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Enjoying life in stunning posters | Art deco Budapest. Posters, Lifestyle and the City

You rarely see a poster exhibition in Hungary, and even less rarely see a large-scale poster exhibition like the Art deco Budapest. Posters, Lifestyle and the City (1925-1938) at the Hungarian National Gallery. It is almost ten years since visitors have been able to enjoy such a high-volume exhibition. At that time, the functionalist and constructivist aspects of the era came to the fore, while now the other face of the same era, the mundane, metropolitan and fun-chasing side, the Art Deco gets the leading role. We talked about the exhibition with curator Anikó Katona. Here’s our program recommendation!


The artwork material was assembled from the collections of the Hungarian National Gallery and two partner institutions, the National Széchényi Library (NSZL) and the Museum of Applied Arts, and feature some real rarities. While the NSZL has one of the largest Hungarian public collections with more than a hundred thousand posters, the latter revives the contemporary object culture with the works and contemporary everyday objects of the Museum of Applied Arts. Art deco, like Art Nouveau, is a very popular style. Many people love and can relate to objects and creations that radiate luxurious splendor and vibrant life. But why is that? Art historian Anikó Katona, the curator of the exhibition gives us the answer. 

“The name itself implies that it is a very decorative style, which is also an important feature of Art Nouveau. It is also interesting how the name of the movement came about. Since it was created retrospectively, it’s very difficult to define exactly what we mean by this term, and what this concept represents in art history. This is further complicated by the fact that we use it very often in everyday language.”

The first major art historical study was published at the end of the sixties when the name Art Deco was also born. Until then, constructivist modernism in America enjoyed unbroken popularity. The optimistic worldview, which was in fashion until then, that the world is understandable, art is structured, was replaced in the sixties by an interest in the decadent world of Art Deco, which responded to the horrors of war, a feeling of seemingly fragile peace and terrible social problems as a period of crisis. In this time of great hardship, with all the trappings of glamorous metropolitan life, light pleasures brought relief. Maybe it’s not a coincidence that all this keeps coming back to life. 

Graphic design can represent the Hungarian aspects of Art Deco very well, because the style itself was an important feature of the use of luxury materials and noble materials in applied art, which could not be found in Hungary. However, posters can express this atmosphere without material constraints. When we hear the term Art Deco, we mostly associate it with the design that is widespread in America and France, compared to which Central Europe has a very different flavor. The Hungarian style can best be put in parallel with the Czech and Polish Art Deco applied art, with which it carries many common features. Typography is also an important part of the posters, and although it is not the primary strength of the pieces in the exhibition, it is very exciting to see the quality with which the graphic designers were able to draw the letters manually at that time. A professional eye may notice that the font used for the wall and accompanying texts is very similar to the font you see on one of the posters.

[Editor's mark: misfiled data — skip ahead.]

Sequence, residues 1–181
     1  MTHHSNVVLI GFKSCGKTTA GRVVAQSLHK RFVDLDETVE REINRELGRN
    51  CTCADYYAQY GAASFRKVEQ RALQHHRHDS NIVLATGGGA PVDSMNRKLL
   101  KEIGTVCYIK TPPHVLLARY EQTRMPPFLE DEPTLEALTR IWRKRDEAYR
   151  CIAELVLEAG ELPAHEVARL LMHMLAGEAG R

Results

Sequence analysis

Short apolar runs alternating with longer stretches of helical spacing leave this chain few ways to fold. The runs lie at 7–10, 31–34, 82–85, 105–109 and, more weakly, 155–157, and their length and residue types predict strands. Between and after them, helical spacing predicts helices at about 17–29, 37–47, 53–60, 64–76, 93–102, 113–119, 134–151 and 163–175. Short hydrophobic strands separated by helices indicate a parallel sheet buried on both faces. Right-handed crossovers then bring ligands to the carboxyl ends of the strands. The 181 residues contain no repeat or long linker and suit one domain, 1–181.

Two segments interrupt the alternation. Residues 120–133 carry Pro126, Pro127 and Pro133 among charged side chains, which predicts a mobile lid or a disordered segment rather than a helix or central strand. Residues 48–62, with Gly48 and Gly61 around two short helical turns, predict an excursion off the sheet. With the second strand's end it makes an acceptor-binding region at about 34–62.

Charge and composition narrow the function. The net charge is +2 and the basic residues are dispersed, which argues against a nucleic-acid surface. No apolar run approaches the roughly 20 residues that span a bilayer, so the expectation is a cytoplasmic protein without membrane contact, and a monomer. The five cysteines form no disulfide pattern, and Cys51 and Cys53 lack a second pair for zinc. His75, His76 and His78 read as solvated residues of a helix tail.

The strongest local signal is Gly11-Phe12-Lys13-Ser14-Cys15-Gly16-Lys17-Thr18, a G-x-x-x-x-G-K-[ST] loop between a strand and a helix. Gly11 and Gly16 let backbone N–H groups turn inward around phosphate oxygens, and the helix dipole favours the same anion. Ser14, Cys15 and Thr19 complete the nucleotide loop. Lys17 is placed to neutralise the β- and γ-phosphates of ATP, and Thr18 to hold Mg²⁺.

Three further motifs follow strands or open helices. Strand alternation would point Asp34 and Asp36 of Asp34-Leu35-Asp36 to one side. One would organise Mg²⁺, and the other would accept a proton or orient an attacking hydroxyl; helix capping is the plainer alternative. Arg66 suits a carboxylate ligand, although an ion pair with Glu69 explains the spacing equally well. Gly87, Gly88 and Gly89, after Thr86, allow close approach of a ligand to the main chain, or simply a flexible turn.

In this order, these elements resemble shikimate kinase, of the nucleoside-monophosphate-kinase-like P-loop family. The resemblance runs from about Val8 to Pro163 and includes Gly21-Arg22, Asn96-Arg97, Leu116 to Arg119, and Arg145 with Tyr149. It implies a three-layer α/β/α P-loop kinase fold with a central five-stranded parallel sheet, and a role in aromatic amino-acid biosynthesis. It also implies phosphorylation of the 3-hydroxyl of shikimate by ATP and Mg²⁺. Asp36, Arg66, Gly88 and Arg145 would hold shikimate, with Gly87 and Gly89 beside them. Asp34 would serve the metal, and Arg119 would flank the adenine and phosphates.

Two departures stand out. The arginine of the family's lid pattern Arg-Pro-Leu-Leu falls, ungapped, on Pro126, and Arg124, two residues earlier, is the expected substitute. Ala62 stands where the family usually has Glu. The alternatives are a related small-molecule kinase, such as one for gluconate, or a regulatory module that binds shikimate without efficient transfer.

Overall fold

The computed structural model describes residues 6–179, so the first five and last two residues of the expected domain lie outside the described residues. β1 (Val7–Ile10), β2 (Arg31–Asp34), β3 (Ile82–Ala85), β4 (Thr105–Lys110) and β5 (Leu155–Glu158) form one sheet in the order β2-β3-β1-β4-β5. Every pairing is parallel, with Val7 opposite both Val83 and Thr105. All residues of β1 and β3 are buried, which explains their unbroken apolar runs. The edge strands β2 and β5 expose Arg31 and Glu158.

“The graphic design part of the exhibition, exhibition graphics themselves, were very important to me. Usually, the latter and the catalog are made by other designers, but here we created a special situation. The trio of Ádám Albert, Imre Lepsényi and Réka Imre dreamed up both, so the transition between the two processes was permanent during the planning. In addition, there was another key element, which was actually born years ago, a letter belonging to the identity of the exhibition, designed by Ádám Katyi. I wanted a whole new font to be made, just for this exhibition, which only we can use for the time being. To create the font, a poster, also presented at the exhibition, was used as an inspiration, the special feature of which is that the letters appear in varying font widths, which allows the text to be customized and visualized.

I think that, on the one hand, this era is very exciting, even from an international perspective, Hungarian art and design was outstanding in this era, and these very fine, delicately crafted objects can be exciting for Hungarian and even foreign visitors. Historical circumstances, post-war relief, uncontrollable fun and enjoyment of life, the recent years can be experienced even more in the post-pandemic world, making the exhibition even more up-to-date,” said the curator, Anikó Katona.

The exhibition concept takes advantage of the poster’s characteristic of showing all aspects of life through it, moving from the private sphere towards open spaces so that the exhibition becomes an “inside-out” journey through the world of Art Deco posters.


The exhibition can be visited in the Hungarian National Gallery until 28 August.


Photos: András Szántó—MNG

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